‘Return of the Boom Bap,'  released on Sept. 28, 1993, was KRS-One's first solo album after being the central figure of Boogie Down Productions. This was also his first time leading the show as a straight up rapper, as he was known for handling the production side of things. But what buoys this album in a retrospective stance is how accessible the project is. KRS-One trades in closed-fistedness with a sense of reliability, reveals his wit, technical skill and -- more shockingly -- fun.

The shock comes from how alienating of an old school rapper KRS-One has become. On one hand you have the ‘90s artists who either adapt to change or openly accept it, like how the Roots and Nas have done in in recent years. Then you have the ones who snarl at the changing times, clamoring for the days of “real hip-hop” -- whatever that means nowadays.

KRS-One unabashedly stands in line with the latter, and it’s not some sort of culture shock defense for him; it’s a weapon. He said he’ll sue any radio station who plays his music. Back in 1992, he famously threw softee rap duo PM Dawn off a concert stage for questioning his philosophy in a magazine. That’s literally being thrown off the stage if you’re wondering. KRS-One was always pretty straight-edged and militant about his views on hip-hop culture.

But here, KRS-One doesn't sound hard enough to push away potential listeners. This nugget from the golden era also features young upcoming producers DJ Premier, Showbiz and Kid Capri. What’s notable is how they restrain hunger with a relaxed ear for their instrumentals.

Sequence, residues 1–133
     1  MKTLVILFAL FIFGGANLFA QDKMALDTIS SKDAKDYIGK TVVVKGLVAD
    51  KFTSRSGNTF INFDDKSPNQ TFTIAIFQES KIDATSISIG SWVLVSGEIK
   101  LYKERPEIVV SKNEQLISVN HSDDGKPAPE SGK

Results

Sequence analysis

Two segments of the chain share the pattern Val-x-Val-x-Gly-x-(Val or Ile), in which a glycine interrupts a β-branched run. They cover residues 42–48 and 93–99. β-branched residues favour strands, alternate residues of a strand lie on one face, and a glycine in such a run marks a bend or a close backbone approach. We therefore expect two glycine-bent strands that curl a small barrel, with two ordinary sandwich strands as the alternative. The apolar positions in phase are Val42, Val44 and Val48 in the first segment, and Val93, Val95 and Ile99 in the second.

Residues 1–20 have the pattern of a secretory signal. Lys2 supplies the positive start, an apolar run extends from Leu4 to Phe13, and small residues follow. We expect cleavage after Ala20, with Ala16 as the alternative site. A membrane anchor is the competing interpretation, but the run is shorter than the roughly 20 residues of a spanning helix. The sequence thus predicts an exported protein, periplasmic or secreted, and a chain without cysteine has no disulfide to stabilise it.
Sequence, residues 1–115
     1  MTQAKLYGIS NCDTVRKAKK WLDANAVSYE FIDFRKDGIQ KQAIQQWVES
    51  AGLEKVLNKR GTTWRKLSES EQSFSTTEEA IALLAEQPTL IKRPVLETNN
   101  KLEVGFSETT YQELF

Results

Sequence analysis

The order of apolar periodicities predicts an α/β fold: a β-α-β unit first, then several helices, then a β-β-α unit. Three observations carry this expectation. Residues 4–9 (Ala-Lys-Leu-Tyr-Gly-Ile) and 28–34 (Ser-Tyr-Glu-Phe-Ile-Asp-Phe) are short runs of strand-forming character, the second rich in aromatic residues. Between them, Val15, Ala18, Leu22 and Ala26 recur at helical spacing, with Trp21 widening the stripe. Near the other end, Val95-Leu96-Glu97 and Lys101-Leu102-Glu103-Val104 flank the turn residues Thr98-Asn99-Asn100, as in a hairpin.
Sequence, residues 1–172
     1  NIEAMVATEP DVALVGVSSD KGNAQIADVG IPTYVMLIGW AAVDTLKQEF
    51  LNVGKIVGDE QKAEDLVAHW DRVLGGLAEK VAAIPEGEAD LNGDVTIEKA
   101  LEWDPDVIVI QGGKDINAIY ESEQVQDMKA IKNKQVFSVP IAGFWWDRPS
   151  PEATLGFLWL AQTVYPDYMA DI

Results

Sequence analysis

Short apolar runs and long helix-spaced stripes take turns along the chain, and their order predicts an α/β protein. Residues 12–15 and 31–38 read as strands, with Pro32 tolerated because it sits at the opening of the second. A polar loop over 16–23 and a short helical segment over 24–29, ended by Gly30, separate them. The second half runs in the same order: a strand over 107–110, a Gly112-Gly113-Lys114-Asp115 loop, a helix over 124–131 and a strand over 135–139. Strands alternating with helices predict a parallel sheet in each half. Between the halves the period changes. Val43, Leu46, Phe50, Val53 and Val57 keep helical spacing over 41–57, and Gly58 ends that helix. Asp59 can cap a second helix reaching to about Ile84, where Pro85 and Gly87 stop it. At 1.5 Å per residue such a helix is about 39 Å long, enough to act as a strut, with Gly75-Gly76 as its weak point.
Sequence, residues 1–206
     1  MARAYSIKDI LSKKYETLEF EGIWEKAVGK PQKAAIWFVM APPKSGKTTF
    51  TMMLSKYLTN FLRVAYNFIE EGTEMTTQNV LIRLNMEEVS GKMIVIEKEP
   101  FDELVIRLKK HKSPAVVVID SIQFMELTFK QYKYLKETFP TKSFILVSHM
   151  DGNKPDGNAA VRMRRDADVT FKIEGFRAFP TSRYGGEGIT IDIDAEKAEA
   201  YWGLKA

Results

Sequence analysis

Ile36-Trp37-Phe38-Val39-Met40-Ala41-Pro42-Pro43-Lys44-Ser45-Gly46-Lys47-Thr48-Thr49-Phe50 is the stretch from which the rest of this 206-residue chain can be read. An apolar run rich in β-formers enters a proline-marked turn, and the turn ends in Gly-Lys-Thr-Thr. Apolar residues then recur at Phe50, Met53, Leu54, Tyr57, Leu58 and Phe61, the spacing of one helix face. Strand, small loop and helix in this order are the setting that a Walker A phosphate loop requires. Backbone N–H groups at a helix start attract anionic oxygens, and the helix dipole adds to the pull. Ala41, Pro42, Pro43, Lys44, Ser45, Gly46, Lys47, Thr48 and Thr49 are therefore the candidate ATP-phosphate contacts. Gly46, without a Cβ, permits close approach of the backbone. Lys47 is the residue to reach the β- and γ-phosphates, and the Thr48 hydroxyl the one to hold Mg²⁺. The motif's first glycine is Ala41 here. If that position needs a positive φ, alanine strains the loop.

The beats sound stripped and minimalist, but bustling and fast-paced enough to prevent ‘Return of the Boom Bap’ from meandering. The accessibility comes from the sense of groove most of them have; it’s not abrasive boom bap like the album title suggests.

The skipping jazz bass line and the steady cymbals give ‘Outta Here’ a sense of adventurousness.  DJ Premier’s ‘'P' Is Still Free’ combines a heavy, pulsating bass line with drums that have a bit more clap to them to induce some toe-tapping. The condensed beats and sampled yelps on the title track is the most boom bap beat on the album, but it sounds as replayable as the other beats on the record.

The freewheeling nature of the production gives KRS-One enough breathing space to follow suit. His voice is noticeably raspy, but not so much so to the point where you’re grasping for the lyrics in hopes they’ll balance the cacophony. His Jamaican patois on songs like ‘Slap Them Up’ and ‘Uh Oh’ are head-swaying, and his sing-songy moments on tracks like ‘Brown Skin Woman’ feel inviting rather than forced.

Through it all, the sense of street awareness never gets lost. The well-worn rap trope of disliking the police is touched on in ‘Black Cop’ (anybody else had flashbacks of that scene from ‘Boyz N Da Hood’?) and 'Sound Of Da Police' doesn’t sound boringly obligatory. The album’s standout, '‘P’ Is Still Free,’ finds KRS-One switching to storytelling mode to great effect as he relates a story about a mother who can’t kick the drug addict life.

“But just before he c--- she bit his d--- and slit his throat / As he fell back dizzy, he began to choke / She took his wallet and said, ‘You ain't broke!’ / The girlies is free, cause the crack cost money, oh yeah,” KRS-One raps, reciting the latter line with a patois inflection. You can have your melodies, but be advised the streets aren’t pretty.

That line encapsulates what’s great about ‘Return of the Boom Bap.’ KRS-One isn’t throwing social consciousness at the listener with closed fists, but rather he’s teaching with open-palmed pats on the back. His adherence to the former is part of the reason why he's been moved out of the spotlight.

Watch KRS-One's 'Outta Here' Video

Watch KRS-One's 'Sound of Da Police' Video